The declassified version of the Cox Report (or just the Cox Report in what follows) released on May 25, 1999, created a sensation. An editorial in the Washington Post caught the mood that day: it quoted Cox as saying that “[n]o other country has succeeded in stealing so much from the United States,” with serious and ongoing damage to the country.18 The Republican House majority leader Dick Armey said, “It’s very scary, and basically what it says is the Chinese now have the capability of threatening us with our own nuclear technology.”19 The ensuing sense of urgency led to calls for a transformation in the legal and administrative structure of international cooperation. Tighter controls on hardware and knowledge flows were imperative.
The Cox Report was a three-volume, 872-page glossy publication filled with photographs suitably labeled and a punchy overview that used color and other techniques to highlight key findings and to have them spring to the eye.20 Though most of the committee’s time was devoted to the Hughes and Loral cases, in the latter stages of its hearings it branched out into the “theft” of other sensitive technologies, notably for nuclear warhead design. Volume 1 of the report focused on this domain and on the diversion of High Performance Computers (600 of which had been sold to the PRC) from civilian to nuclear weapons applications. Volume 2 was devoted to the contacts between engineers at Hughes and Loral and their Chinese counterparts, particularly after the launch failures. It also had a section devoted to launch-site security in the PRC or, rather, the lack thereof. The short technological core of the third volume dealt with the efforts made by the PRC to improve their manufacturing processes by acquiring machine tool and jet engine technologies.
The report claimed that the PRC had “stolen design information on the United States’ most advanced thermonuclear weapons,” including the neutron bomb, from the four major weapons labs (Los Alamos, Lawrence Livermore, Oak Ridge, and Sandia).21 This would give China design information on such devices “on a par with our own,” and would materially assist the country “in building its next generation of mobile ICBMs, which may be tested this year,” with “a significant effect on the regional balance of power.” China had also “stolen or illegally obtained U. S. missile and space technology that improves the PRC’s military and intelligence capabilities.” The information passed by US satellite manufacturers to their Chinese clients—without obtaining the requisite licenses, even though they knew they were needed—had “improved the reliability of PRC rockets useful for civilian and military purposes,” including ballistic missiles. These security lapses were compounded by poor security at launch pads and by the liberal sharing of technical information with foreign brokers and underwriters of satellite insurance. The knowledge thus acquired would not only strengthen China’s military capability, but the PRC was also “one of the leading proliferators of complete ballistic missile systems and missile components in the world,” and had helped improve weapons programs in Iran, Pakistan, Saudi Arabia, and North Korea.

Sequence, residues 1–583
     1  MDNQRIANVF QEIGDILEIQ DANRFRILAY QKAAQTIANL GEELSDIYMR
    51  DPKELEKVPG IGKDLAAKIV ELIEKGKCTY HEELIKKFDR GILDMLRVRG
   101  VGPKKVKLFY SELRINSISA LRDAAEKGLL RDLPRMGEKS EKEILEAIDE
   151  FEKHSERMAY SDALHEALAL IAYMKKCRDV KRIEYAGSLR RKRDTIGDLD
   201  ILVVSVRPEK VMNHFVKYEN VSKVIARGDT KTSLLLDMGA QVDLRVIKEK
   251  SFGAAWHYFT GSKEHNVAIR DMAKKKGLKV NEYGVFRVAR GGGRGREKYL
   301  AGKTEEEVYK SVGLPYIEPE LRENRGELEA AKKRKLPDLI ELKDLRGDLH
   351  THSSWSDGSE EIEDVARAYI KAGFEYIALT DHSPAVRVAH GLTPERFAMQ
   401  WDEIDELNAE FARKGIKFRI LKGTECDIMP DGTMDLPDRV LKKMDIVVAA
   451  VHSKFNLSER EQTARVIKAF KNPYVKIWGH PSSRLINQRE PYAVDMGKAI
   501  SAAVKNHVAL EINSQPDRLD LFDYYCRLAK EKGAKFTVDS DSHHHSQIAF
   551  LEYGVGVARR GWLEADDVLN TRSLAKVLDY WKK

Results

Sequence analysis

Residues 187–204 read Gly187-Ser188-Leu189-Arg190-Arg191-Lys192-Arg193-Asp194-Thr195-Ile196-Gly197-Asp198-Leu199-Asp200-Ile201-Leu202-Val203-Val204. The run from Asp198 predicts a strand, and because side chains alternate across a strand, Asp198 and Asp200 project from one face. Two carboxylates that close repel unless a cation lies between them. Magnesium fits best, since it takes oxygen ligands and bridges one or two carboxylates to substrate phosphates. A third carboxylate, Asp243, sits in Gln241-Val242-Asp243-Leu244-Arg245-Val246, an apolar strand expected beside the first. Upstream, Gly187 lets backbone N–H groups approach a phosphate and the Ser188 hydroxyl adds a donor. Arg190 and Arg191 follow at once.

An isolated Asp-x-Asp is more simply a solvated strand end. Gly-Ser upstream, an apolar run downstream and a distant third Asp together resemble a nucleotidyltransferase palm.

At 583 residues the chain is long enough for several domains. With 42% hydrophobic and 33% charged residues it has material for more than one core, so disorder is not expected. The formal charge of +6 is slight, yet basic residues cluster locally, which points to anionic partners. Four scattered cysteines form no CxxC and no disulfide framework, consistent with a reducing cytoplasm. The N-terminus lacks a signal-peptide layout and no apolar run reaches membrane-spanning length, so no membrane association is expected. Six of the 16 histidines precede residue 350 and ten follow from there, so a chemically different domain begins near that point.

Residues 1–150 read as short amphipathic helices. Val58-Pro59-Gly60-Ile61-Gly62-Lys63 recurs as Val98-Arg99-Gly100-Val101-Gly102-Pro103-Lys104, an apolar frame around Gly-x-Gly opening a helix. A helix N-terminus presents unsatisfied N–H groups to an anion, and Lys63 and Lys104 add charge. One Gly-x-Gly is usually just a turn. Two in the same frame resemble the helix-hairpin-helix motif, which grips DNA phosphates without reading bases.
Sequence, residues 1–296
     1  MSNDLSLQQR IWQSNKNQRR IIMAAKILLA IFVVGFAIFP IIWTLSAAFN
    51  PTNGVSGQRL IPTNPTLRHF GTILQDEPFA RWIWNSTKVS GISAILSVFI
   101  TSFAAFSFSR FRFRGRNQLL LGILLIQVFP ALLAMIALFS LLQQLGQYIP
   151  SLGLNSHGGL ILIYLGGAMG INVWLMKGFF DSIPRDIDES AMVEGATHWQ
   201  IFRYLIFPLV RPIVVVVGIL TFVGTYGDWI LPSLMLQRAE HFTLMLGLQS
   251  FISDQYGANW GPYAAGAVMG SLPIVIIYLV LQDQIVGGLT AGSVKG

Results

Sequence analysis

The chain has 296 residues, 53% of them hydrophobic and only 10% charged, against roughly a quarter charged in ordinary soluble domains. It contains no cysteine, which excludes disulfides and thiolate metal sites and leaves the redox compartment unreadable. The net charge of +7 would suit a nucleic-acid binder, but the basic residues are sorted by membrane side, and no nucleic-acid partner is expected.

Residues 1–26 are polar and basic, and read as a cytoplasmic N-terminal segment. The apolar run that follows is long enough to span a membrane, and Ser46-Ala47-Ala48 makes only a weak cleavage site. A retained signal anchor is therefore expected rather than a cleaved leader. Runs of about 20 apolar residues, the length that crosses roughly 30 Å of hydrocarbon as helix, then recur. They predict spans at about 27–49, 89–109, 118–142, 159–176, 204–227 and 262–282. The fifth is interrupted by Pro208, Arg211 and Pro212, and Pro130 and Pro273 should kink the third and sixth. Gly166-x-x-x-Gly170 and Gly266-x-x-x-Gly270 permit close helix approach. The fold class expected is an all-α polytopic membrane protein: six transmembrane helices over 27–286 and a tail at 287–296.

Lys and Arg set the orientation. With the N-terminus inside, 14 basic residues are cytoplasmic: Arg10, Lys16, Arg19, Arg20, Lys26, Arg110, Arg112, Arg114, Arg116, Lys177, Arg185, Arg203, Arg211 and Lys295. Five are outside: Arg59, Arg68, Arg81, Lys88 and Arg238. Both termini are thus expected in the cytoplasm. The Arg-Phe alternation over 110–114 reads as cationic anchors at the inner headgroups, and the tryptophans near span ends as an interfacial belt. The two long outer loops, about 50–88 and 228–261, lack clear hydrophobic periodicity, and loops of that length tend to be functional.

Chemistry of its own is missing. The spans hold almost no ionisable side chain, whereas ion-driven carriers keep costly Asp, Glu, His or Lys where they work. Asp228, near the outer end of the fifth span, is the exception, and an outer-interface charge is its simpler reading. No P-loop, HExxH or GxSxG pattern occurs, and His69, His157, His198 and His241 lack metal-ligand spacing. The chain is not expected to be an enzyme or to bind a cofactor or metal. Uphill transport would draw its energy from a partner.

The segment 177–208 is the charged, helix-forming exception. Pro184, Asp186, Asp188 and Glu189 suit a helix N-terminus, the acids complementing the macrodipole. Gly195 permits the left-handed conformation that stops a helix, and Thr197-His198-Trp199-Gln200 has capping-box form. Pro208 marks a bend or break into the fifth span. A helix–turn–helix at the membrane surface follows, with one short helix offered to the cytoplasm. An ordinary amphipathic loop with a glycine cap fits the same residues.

Two factors had facilitated these major breaches in the security wall. First, there were recent changes in international and domestic export control regimes that had reduced the ability to control the flow of militarily useful technology.
Supplementing this, there was China’s determination to obtain advanced US military technology, which it had actively sought for at least the past two decades. As the report put it, “To acquire U. S. technology the PRC uses a variety of techniques, including espionage, controlled commercial entities, and a network of individuals and organizations that engage in a vast array of contacts with scientists, business people, and academics.” In short, the Cox Report emphasized, “The PRC has mounted a widespread effort to obtain U. S. military technologies by any means—legal or illegal.”
As regards space policy, the Cox Report urged the executive branch to “aggressively implement the Satellite Export Control Provisions”22 of the Strom Thurmond Act. It demanded that the State Department be responsible for licensing the export of satellites and any satellite launch failure investigations. The Department of Defense, not satellite firms, was to be responsible for security at foreign launch sites, and had to establish appropriate monitoring procedures to ensure that no information of use to its missile programs was passed to the PRC. The report also insisted that “export controls are applied in full to communications among satellite manufacturers, purchasers, and the insurance industry, including communications after launch failures.”23 Recognizing that the American firms were seeking launch providers abroad because the United States had insufficient domestic launch capability (itself a result of the decision to cut back the production of expendable launchers so as to secure a market for the shuttle), the Select Committee also recommended that steps be taken to stimulate the nation’s “commercial space-launch capacity and competition.”24